Chief Justice Walters issued a long and impassioned dissent, concluding: “This court can and should issue a declaration that the state has an affirmative fiduciary duty to act reasonably to prevent substantial impairment of public trust resources.”

Broader Implications of Decision

The Oregon Supreme Court’s opinion is a setback to efforts to invoke the public trust doctrine as a basis for litigation seeking to limit GHG emissions. The court rejected key elements of this theory—that the public trust doctrine should be expanded to treat the atmosphere as a public trust resource and that the fiduciary obligations inherent in the public trust doctrine require the government to take affirmative measures to protect trust resources.

That said, the opinion expressly holds the door open for future litigation that might reach a different result, as the court did not “foreclose the possibility that the doctrine could expand to include other resources in the future” or “foreclose the possibility that the doctrine might be expanded in the future to include additional duties imposed on the state.” The court may be signaling that it would be receptive to a more refined and restrictive test than that proposed by the plaintiffs.

Furthermore, the court reasoned that, because the case did not involve claims of damage to specific navigable waters protected by the trust, but rather abstract claims regarding damage to those resources arising from climate change, it was inappropriate to issue any declaration requiring action by the state. Thus, if a plaintiff brought a subsequent suit alleging, for example, that the public trust doctrine covers a specific body of water damaged by the effects of climate change, the outcome could potentially be different.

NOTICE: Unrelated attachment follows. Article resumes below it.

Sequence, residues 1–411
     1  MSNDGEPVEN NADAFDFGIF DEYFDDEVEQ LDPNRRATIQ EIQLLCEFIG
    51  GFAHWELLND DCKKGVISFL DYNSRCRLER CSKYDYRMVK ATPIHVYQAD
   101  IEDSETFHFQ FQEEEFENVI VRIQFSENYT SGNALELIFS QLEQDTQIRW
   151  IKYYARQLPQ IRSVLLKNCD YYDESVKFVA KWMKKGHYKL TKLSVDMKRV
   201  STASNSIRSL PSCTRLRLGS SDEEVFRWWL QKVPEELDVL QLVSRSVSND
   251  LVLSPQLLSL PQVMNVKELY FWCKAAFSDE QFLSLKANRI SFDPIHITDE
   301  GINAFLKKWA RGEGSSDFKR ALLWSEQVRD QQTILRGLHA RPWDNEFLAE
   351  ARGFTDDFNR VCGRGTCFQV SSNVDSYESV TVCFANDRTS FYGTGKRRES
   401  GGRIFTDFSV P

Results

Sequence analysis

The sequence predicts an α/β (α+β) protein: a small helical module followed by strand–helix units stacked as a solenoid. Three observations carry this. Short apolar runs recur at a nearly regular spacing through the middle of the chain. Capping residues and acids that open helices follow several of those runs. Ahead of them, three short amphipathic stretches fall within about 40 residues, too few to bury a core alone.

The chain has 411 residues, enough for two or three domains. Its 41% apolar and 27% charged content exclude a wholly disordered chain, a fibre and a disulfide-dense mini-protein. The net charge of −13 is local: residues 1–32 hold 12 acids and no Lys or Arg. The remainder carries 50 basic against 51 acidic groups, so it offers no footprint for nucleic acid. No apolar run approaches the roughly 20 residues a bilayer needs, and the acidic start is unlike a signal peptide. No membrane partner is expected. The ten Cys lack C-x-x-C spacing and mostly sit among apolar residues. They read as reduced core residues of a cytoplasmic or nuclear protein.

In addition, while this case limits the public trust doctrine as legal basis for seeking to force action on climate change in Oregon, it does not foreclose other theories. For example, a number of public entities have asserted that energy companies are responsible for climate change under common law nuisance and similar theories. The U.S. Supreme Court is set to decide whether these cases should be heard in state or federal courts. Because those lawsuits are proceeding on different legal theories, the Oregon Supreme Court’s decision will not affect them.

Finally, earlier this year, Oregon’s Governor Kate Brown issued Executive Order No. 20-04 directing state agencies to take actions to reduce and regulate GHG emissions. The order directs actions to reduce GHG emissions in Oregon by at least 45 percent below 1990 emissions levels by 2035. The order directs further actions between 2035 and 2050 to reduce emissions by at least 80 percent below 1990 emissions levels by 2050. Details on the order are available here.

Beveridge & Diamond will continue to monitor and report on the ongoing climate change litigation and the implications of that litigation on climate change regulation and policy in the State of Oregon and the West Coast more broadly.

This article was re-published in the November edition of the Oregon State Bar Association Environmental & Natural Resources Section's E-Outlook.

Beveridge & Diamond’s Air and Climate Change practice group helps private and municipal clients navigate all aspects of compliance with Clean Air Act regulations for criteria pollutants, hazardous air pollutants, greenhouse gases, and permitting processes. For more information, please contact the authors.